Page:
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Syria’s warring sides hold direct Geneva talks

The first face-to-face meeting comes after a day’s delay and repeated bitter recriminations

Published: Updated:

Syria's warring sides met briefly together in the same room on Saturday for the first time since peace talks started in Geneva, the U.N. said.

U.N. mediator Lakhdar Brahimi's spokeswoman confirmed Saturday morning that he and the two sides were meeting in the same room.

The meeting, during which Brahimi spoke while the two delegations had listened, wrapped up in under half an hour, a source inside the room told Agence France-Presse.

The meeting comes after a day’s delay and repeated bitter recriminations, and talks reportedly involved “discussing a deal to allow aid into a single city, Homs,” Reuters news agency reported.

Humanitarian access for Homs, where rebels are surrounded in central districts by forces loyal to President Bashar al-Assad, could be agreed fast.

“The practical aspects have been worked on. Things are ready and if the government doesn’t put a block on it then it could happen quickly,” a diplomatic source said.

The currently ongoing Geneva II peace conference neared collapse on Friday when face-to-face talks were meant to start.

United Nations mediator Lakhdar Brahimi put the talks back on track after persuading the two sides to focus on smaller issues on which there might be agreement.

“We do expect some bumps on the road,” Brahimi told a news conference after separate meetings with the two delegations.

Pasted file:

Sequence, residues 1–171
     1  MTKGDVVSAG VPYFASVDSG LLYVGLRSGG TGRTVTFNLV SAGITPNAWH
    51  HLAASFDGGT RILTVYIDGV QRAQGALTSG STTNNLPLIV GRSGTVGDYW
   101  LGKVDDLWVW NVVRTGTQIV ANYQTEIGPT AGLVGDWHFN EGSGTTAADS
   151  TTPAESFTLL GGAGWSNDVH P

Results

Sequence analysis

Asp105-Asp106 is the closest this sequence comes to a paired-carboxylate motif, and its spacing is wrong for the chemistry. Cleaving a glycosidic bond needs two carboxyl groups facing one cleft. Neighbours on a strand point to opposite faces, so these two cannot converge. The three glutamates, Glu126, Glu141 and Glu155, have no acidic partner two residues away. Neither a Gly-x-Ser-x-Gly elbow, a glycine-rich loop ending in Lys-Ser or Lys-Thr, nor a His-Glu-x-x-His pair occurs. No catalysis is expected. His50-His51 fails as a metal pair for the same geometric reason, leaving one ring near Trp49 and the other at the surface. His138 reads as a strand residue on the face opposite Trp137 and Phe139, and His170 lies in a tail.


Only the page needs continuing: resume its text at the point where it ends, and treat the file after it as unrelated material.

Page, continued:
“Both parties will be here tomorrow...they will not leave on Saturday or Sunday,” Brahimi said.

Opposition delegate Anas al-Abdah said the process would begin with a brief meeting at 10 a.m. (0400 ET) on Saturday at which only Brahimi would speak, to be followed by another longer session in the afternoon, Reuters reported.

Rejecting a transitional body

But before the meeting began, the Syrian government reiterated its rejection of a proposal to form a transitional ruling body as part of a political solution to the country’s nearly three-year conflict.

“We have complete reservations regarding it,” Information Minister Omran Zoabi told reporters shortly before the government was due to hold its first talks with an opposition delegation in Geneva, in the presence of international mediator Lakhdar Brahimi.

“Syria is a state with institutions,” Zoabi said. “A transitional governing body ... happens where the state is in disintegration, or has no institutions.”

National Coalition spokesman Louay Safi had confirmed to Al Arabiya News Channel that the opposition’s delegation will hold direct talks with the government through the U.N. mediator on Saturday.

Safi said the negotiations will focus on forming a transitional authority with comprehensive powers.

He urged the government to start releasing prisoners, beginning with women and children.